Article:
PAID WORKERS – SHOULD THEY ROTATE – Do we need to follow rotation of service with paid workers as we do with volunteers doing service?

The comments below were given by various members of the Conference Steps, Traditions, and Concepts Committee and do not represent a group conscience of the entire committee. The opinions expressed here are solely that of the person giving them. Take what you like and leave the rest.

The Question:
What is your opinion concerning service rotation of paid S.L.A.A. members who work in the service office? And, is it better to employ non S.L.A.A. members as to avoid rotation related problems? (This issue could arise in the FWS office or in international offices.)

As I studied the Traditions to help formulate an answer to this question, I discovered that in the early days Al-Anon relied on dedicated volunteers to help out in the office. These volunteers did such a good job at spreading the message that the organization grew, which required hiring paid workers to keep up with the workload. This dilemma encompasses Tradition 7…Every S.L.A.A. group ought to be fully self-supporting, declining outside contribution. From what I read, that organization uses a combination of paid workers and volunteers. This reduces expenses for the organization. The volunteers most likely rotate more than the paid workers. This honors both the spirit of rotation of service, while still providing much needed continuity.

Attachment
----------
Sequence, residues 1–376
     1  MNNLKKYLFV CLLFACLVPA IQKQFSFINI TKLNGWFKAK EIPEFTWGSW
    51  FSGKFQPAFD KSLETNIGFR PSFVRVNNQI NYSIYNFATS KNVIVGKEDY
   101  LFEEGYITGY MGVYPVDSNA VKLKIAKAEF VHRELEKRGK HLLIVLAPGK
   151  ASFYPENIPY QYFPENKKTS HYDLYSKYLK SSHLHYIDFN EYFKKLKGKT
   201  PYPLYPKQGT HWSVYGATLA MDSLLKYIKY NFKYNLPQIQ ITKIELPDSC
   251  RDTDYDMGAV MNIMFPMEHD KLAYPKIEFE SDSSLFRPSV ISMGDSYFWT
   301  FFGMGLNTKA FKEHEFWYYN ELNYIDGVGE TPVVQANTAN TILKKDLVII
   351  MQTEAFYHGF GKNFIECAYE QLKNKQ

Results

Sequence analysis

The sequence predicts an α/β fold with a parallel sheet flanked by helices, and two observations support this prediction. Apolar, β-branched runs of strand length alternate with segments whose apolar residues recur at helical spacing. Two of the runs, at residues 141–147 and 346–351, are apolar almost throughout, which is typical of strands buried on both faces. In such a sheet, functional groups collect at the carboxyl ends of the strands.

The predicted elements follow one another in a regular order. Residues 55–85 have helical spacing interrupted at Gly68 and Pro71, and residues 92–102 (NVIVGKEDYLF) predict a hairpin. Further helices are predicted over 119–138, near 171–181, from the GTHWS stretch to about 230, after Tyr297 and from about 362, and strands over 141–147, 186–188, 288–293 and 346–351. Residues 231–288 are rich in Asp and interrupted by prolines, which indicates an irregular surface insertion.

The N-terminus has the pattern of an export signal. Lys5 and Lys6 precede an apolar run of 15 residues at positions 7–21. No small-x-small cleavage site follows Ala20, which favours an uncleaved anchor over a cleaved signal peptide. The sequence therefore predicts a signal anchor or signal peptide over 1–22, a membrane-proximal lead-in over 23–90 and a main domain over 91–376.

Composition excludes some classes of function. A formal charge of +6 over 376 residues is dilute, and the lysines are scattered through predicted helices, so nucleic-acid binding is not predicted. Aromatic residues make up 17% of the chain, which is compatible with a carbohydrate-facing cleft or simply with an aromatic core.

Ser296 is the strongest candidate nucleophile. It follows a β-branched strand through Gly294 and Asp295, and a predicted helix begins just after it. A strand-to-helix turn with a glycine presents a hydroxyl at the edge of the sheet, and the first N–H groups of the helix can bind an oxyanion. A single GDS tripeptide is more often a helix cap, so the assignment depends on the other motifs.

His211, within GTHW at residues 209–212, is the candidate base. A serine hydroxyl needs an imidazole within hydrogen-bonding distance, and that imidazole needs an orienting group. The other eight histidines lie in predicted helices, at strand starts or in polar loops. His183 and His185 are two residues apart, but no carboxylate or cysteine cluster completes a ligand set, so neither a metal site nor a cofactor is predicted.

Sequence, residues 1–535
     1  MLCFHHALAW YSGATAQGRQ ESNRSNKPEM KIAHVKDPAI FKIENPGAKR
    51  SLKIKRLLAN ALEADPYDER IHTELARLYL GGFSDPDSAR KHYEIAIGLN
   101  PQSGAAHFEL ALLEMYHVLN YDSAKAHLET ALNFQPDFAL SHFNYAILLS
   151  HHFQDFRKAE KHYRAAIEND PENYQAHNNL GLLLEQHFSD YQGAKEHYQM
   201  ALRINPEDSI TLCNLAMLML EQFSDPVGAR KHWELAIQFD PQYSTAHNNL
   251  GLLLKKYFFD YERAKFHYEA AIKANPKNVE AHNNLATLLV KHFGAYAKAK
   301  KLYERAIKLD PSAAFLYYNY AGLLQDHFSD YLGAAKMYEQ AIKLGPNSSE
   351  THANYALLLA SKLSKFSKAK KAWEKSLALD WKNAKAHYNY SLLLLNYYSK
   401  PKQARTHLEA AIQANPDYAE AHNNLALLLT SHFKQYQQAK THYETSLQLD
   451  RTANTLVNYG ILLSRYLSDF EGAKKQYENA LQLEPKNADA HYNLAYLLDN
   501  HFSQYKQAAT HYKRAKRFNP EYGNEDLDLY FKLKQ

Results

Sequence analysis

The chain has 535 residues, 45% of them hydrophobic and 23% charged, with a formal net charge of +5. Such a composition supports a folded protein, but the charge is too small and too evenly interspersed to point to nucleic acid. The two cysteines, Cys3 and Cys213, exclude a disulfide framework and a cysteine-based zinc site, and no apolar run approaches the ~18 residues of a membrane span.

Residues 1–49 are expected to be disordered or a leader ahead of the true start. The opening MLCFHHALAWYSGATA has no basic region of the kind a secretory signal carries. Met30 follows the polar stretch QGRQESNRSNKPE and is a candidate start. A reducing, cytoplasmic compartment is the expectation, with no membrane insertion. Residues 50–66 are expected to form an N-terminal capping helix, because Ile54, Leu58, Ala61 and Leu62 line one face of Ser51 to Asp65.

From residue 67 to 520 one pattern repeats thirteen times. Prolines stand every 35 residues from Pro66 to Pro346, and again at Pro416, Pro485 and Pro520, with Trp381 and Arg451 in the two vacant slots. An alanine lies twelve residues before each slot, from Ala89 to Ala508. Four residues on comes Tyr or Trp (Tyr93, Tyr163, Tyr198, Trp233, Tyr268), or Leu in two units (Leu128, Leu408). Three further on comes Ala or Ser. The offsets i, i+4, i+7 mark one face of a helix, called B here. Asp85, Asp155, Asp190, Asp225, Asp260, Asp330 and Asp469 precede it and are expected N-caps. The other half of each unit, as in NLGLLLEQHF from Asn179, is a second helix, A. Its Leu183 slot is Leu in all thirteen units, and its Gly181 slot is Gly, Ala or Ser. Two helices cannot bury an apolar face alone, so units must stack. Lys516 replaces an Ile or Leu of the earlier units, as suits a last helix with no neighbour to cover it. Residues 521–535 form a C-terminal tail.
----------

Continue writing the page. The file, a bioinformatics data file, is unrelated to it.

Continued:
For the paid workers to rotate frequently, the organization suffers a loss of stability. I think paid workers should be evaluated like in any business and replaced if their job performance does not meet the needs of the organization.

The problem we have at the FWS (our International headquarters) office in San Antonio is that with no functioning S.L.A.A. meetings, there are no volunteers available. My own belief is that a business system such as ours would function best with a combination of S.L.A.A. members and non-S.L.A.A. members as well as both paid workers and volunteers.

What do you think?
The CSTCC is a group of volunteers, some of whom were ABM delegates, and others who volunteered out of interest. We do not represent a group conscience of S.L.A.A., but are committed to bringing thoughtful discussion and study of 12 Step Fellowship literature and experience to the questions that are brought to us. We offer this summary as the results of our discussions. We present the major points of concern in the hopes that wider discussion in the Fellowship will help us evolve our customs and practice of the S.L.A.A. program of recovery to better represent the loving guidance of a Higher Power. Always, we affirm the autonomy of each group and the need for each individual to follow her/his own conscience. No decision of this group, or any other, is ever forced upon another, even when we believe a practice is clearly in conflict with the Steps, Traditions, or Concepts.